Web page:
Tuesday, July 22, 2008

The Writing Life: The Math EquationThat Determines Success as a Writer

by Kemble Scott

Lots of people aspire to write books, but not everyone can get the job done.

As I've traveled to Book Passage and other venues to talk about my debut novel SoMa, I'm often asked about my "writing process." Author K. M. Soehnlein told me it's one of the top three** questions all writers are asked when they are on tour. Karl was right.

Turns out, the "writing process" can be demystified by a simple mathematical equation. I can't recall who first passed this brilliant analysis along to me, but it is undeniably true.

It's called The A/C Ratio.

A = Ass

C = Chair

Yup, it's that simple. The more time you spend with your Ass in a Chair in front of a keyboard, the more likely you are to write something. ☺

When I was single, I used to write at home. My A/C ratio was very high. Then love struck and I was no longer alone with my Ass and Chair. I soon discovered that I needed to "go to work" in order to get back into the writing groove. That meant leaving my home and setting up shop somewhere else.

I didn't have a quiet, sacred spot to write. Mostly I'd go to busy cafes, and sometimes the library. But there was something incredibly motivating about putting my laptop and notes in my backpack, and hauling my Ass to a Chair where the expectation was to write. It was like I was going to a real job, which (of course) writing a book is.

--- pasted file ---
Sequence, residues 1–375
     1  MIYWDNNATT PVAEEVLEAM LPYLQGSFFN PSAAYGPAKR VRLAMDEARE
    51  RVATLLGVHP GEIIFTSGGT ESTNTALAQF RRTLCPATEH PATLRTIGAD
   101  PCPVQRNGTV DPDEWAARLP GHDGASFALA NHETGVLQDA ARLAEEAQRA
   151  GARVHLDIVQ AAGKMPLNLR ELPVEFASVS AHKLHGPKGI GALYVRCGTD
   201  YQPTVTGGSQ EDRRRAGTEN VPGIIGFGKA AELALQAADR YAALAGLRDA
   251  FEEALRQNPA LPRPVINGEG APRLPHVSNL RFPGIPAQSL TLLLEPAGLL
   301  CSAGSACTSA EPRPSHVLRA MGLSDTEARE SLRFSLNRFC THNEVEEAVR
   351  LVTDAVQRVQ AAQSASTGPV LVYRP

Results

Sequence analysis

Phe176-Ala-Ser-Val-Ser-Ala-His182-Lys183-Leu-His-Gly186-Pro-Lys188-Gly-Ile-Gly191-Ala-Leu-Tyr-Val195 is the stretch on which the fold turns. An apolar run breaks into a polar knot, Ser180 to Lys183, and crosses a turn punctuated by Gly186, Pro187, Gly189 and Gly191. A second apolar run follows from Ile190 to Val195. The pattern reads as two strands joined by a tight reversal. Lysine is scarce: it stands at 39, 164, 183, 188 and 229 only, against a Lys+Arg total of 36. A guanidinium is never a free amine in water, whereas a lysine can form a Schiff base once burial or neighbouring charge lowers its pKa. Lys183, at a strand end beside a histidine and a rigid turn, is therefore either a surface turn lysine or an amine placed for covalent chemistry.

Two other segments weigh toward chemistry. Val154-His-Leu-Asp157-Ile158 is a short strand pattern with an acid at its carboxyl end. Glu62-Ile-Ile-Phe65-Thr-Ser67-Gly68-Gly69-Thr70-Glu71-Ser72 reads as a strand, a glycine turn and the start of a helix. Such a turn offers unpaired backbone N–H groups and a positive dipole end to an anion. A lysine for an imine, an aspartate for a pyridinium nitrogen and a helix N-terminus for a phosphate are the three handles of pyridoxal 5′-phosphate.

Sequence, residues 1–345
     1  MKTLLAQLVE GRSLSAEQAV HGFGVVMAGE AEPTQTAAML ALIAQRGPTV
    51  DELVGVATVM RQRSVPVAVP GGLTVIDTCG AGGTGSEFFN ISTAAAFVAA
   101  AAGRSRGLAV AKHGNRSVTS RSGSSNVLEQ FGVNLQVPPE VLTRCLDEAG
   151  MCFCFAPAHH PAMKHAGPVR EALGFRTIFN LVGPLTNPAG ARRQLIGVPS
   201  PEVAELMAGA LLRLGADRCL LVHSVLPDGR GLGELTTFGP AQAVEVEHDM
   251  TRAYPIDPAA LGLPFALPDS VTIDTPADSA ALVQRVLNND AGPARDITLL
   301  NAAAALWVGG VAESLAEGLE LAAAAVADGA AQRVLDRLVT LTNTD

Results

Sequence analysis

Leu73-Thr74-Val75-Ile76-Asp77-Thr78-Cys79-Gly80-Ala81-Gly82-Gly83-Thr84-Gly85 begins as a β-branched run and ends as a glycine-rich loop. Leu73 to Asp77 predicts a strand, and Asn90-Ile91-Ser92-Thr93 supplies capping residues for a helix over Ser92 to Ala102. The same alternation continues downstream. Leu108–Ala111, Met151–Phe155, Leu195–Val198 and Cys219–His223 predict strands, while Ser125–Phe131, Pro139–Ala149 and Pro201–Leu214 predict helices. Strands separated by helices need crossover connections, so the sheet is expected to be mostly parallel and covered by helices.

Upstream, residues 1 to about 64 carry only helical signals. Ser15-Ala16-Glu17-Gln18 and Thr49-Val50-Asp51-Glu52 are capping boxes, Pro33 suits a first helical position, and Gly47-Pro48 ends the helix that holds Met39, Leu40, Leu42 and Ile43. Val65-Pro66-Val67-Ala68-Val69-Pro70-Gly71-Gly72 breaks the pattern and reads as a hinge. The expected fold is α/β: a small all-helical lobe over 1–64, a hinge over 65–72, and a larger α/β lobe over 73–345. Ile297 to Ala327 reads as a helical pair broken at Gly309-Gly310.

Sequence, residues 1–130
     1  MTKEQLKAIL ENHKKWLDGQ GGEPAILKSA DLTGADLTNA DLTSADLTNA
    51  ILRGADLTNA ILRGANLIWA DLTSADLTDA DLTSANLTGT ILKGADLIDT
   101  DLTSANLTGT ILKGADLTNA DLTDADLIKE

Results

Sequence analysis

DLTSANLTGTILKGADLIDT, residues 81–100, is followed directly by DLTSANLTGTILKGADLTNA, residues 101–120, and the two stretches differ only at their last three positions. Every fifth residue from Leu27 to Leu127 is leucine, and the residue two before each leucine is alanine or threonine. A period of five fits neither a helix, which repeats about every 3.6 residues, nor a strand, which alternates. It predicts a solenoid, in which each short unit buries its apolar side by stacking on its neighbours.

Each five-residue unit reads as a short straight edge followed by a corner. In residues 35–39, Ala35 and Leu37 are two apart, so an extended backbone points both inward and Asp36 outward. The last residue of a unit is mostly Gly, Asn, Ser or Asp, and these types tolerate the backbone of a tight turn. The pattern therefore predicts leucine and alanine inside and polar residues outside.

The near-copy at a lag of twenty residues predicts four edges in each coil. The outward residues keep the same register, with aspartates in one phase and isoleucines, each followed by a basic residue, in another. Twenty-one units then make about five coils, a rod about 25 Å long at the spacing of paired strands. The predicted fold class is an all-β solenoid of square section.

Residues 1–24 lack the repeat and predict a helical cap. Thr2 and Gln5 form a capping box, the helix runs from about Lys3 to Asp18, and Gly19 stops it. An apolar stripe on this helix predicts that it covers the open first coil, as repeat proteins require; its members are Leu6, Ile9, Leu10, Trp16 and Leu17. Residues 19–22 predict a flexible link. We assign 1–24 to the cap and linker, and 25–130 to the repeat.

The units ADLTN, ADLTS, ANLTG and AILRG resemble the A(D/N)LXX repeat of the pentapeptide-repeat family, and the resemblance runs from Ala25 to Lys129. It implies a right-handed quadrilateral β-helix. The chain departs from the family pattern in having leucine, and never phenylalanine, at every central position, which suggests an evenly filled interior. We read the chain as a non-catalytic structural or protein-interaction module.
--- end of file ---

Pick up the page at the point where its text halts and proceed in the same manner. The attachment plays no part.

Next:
These days I do my work at a writers' grotto in San Francisco. What the heck is that? I'll take you there in my next posting...

**The other top two questions I get are: What's your social security number? What's your mother's maiden name?


Kate Douglas said...

I've never heard of the A/C ratio, but then I work under the BICFOK rule--butt in chair, fingers on keyboard. Same process, different acronym. I live in a rural community where I don't have access to serious writers groups. I do, however, have an office on the top floor of the house which requires a lot of stairs--once I'm up here with my butt planted firmly in my recliner, laptop in position, I know I am supposed to be writing. It must work--I'm almost finished with the fifteenth book in my series, all written since mid-2005. When people ask my what my process is, I tell them it's a combination of stubbornness, dedication, and an absolute love of the process. When you truly love what you do, writing isn't a job, it's a joy.

joshua said...

i actually first heard that (a/c) said by harry crews probably 15 years ago, third hand. and it really isn't any simpler than that. anything is life takes discipline to succeed, art is no different.